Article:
Over the weekend, Microsoft updated the Windows 10 January Tech Preview in a unique way: It pushed a Microsoft-written Universal app from the Windows Store and onto all PCs running beta 9926. While the new Photos app isn't significantly better than the woefully inadequate one it replaced, the update mechanism imperils those who want to keep some modicum of control over their machines.
The Windows 8.1 incarnation of the Metro Photos app had few features, and drew widespread scorn. The Photos app that shipped with Windows 10 build 9926, identified as Windows Photos 1.0.1501.131126, had a few placeholders for new features -- specifically an Albums view and a Folders view -- but aside from duplicate removal (which didn't work very well) and a revamped way of navigating to folders, it's very nearly identical to the Photos app in Windows 8.1.
In short, the original Windows 10 Photos app is forgettable in almost every conceivable way.
Microsoft spokesman Gabe Aul announced Monday afternoon that Microsoft slipped an update to the build 9926 Photos app over the weekend. The change, up to version 15.130.1615.0, came in through the beta version of the Windows Store -- not through Windows Update.
Here's the announcement, from the Insider Hub program inside Windows 10 (in case you are experiencing problems and can't see it):
First Store update of a Windows10 Universal app -- the Photos app
In the spirit of frequent updates, we now have our first Store Update of a Windows10 Universal application -- the Photos app. This went out on Friday, and it is likely you have it already! The Photos app settings page will read version 15.130.1615.0 when it has been updated.
It's only been two weeks since the build 9926, but the changes are based on things we heard from you:
One of the top three suggestions for us was improving AutoEnhance, with specific comments around some photos turning out a little grainy. We've fine tuned the noise removal algorithm and it is ready for you to try! (Your collection will automatically get the new version of AutoEnhancements, to see the noise reduction you should zoom in on a photo.)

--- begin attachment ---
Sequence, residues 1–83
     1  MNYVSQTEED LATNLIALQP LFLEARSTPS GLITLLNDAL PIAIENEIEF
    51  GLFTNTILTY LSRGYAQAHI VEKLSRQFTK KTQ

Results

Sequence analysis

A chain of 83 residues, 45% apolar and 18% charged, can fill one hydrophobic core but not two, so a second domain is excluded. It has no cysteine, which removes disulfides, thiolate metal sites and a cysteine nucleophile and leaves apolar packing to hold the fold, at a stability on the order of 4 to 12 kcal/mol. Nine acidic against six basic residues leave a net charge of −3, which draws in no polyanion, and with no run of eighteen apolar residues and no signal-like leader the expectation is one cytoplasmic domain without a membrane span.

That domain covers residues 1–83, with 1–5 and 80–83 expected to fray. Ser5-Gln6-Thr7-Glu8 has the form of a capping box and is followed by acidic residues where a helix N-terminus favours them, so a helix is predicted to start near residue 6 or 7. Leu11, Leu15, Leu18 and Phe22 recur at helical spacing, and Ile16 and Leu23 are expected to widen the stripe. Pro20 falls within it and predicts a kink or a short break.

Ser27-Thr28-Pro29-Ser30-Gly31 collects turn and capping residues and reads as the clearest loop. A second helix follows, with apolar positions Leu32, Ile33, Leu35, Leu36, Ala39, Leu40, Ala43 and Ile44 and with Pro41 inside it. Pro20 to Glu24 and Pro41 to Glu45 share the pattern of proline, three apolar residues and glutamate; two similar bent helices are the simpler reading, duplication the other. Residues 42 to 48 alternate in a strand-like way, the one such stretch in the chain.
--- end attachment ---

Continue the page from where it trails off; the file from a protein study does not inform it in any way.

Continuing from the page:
We've been working hard on perf, specifically around drawing thumbnails in list view. Most people should see significant improvements in how fast their page of thumbnails is drawn.
And we've collected some data that some customers were experiencing crashes, we've been through those reports and have fixes that should greatly improve stability for the customers that hit them.
Thanks for all your help so far, and we look forward to hearing more from you soon!
The Photos team
A side-by-side comparison of the Windows 8.1 Photos app, the original Windows 10 Photos app, and this new Photos app 15.130.1615.0, shows that there are some improvements in clarity of photos shown in the new version of the app. Performance is marginally better. And I didn't have as many crashes with the new version. Other than that, the first Windows 10 Photos app is virtually identical to the new Photos app -- and both are only slightly (primarily cosmetically) different from the Windows 8.1 version.
The new Photos app doesn't have any of the features I've heard people complain about: You still can only view photos sorted by date; you can't apply tags to any photos; you can't narrow the list of folders sucked in from OneDrive, although you can turn off the OneDrive feed entirely; and you can't expand the list of folders scanned on your computer -- unlike Windows 8.1, there's no explicit reference to a Photo Library.
The real surprise in all of this isn't that the Photos app is a dog. That's always been the case. The surprising part is that everybody with Windows 10 build 9926 had their PCs updated, automatically, over the weekend, without warning, without Windows Update in the middle. This completely new version of the Universal Photos app came in through the Windows Store. As best I can tell, as Aul notes, that's a first.
Before you break out your tin hat, grab your tar and feathers, and march on the Windows Store, note this tweet from Aul late Monday night:
The Beta Store doesn't have UX to manually update yet (it will) so it will just be autoupdated.
So now we know a forced auto-update from the Windows Store is not only possible, it's already happened with no reported problems (at least none I've seen). And, notably, Microsoft is on the hook to give us the means to manage those auto updates.
Which leads to an interesting question: If we are given the opportunity to control which updates get applied from the Windows Store, will we have the same options to control the Windows Update chute?
Curiouser and curiouser.